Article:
• Even though holding the clutch in will help you slow down, it will not activate your brake lights. Make sure to always apply your brakes when slowing down so other drivers are aware.
  6. Step 6 Shift into first gear before you get to your stop.
    As you slow down, use the shifter lever near your left foot to downshift to first gear. Putting your bike into its lowest gear helps you get a smooth start and stop while you’re riding.[6]
    • If you were already in first gear before slowing down, you don’t need to make any changes.
  7. Step 7 Plant your left foot when your bike stops moving.
    Once your bike comes to a complete stop, take your left foot and put it firmly on the ground. This will help you keep your balance and prevents the bike from falling over. When you want to start moving again, begin slightly accelerating before putting your foot back in its place.[7]
    David L. Hough
    David L. Hough, Motorcycle Safety Expert

    Braking on a motorcycle requires skill. It's about controlling the bike, not just stopping. Always use both front and rear brakes in harmony. The front brake provides most of the power, but the rear helps stabilize. In emergencies, apply brakes firmly yet progressively to avoid locking wheels.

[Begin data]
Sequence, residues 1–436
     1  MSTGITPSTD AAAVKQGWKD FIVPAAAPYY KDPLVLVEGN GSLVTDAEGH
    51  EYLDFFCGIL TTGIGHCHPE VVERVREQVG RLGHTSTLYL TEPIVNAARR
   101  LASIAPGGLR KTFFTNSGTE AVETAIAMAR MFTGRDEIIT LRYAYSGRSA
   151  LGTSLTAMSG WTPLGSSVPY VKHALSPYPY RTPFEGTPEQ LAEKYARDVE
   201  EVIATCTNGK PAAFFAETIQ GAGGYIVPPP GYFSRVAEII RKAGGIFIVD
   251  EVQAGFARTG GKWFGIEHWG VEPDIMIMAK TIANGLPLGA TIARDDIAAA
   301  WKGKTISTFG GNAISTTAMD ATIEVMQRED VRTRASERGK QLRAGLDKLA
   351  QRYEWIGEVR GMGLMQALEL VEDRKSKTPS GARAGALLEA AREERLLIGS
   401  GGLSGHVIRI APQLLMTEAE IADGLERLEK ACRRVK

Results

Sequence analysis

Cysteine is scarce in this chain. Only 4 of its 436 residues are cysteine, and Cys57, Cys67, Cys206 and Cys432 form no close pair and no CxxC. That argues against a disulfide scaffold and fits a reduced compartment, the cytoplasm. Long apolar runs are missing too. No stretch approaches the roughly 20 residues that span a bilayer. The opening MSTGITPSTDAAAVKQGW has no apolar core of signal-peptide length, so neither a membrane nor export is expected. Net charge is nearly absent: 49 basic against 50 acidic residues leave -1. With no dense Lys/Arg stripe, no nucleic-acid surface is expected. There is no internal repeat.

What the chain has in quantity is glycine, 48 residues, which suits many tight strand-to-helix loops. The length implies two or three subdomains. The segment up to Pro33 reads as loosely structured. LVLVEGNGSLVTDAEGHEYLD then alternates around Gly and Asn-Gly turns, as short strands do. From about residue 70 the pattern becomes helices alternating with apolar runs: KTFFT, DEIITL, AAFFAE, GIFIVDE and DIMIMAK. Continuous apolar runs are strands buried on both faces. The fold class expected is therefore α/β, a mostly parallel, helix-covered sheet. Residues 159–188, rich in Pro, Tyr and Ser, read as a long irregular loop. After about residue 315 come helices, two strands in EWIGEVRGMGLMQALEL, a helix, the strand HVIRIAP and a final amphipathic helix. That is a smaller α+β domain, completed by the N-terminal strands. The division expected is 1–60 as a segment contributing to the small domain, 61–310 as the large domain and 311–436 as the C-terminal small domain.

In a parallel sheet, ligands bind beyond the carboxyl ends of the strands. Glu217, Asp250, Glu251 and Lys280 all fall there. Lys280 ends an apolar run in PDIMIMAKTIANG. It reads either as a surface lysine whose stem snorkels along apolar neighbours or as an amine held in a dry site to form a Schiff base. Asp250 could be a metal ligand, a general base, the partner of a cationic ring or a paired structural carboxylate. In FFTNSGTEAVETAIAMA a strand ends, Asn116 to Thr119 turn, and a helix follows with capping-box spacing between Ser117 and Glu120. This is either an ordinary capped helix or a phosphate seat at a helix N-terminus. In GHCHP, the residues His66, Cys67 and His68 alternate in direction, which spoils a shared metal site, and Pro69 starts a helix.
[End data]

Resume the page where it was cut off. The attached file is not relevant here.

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Method 2
Method 2 of 3:

Slowing Down for a Turn

  1. Step 1 Ease off of the throttle before you start your turn.
    As you approach your turn, slowly twist the throttle away from you to decelerate. Reduce your speed so you’re still able to make your turn, but not so you come to a complete stop.
    • If you’re going too fast into your turn, you may cross into a different lane or into oncoming traffic.
    • If you’re going slow enough to make your turn and you don’t need to use your brakes, slightly press on the rear brake to flash your brake lights. This lets other traffic know that you’re going to slow down more.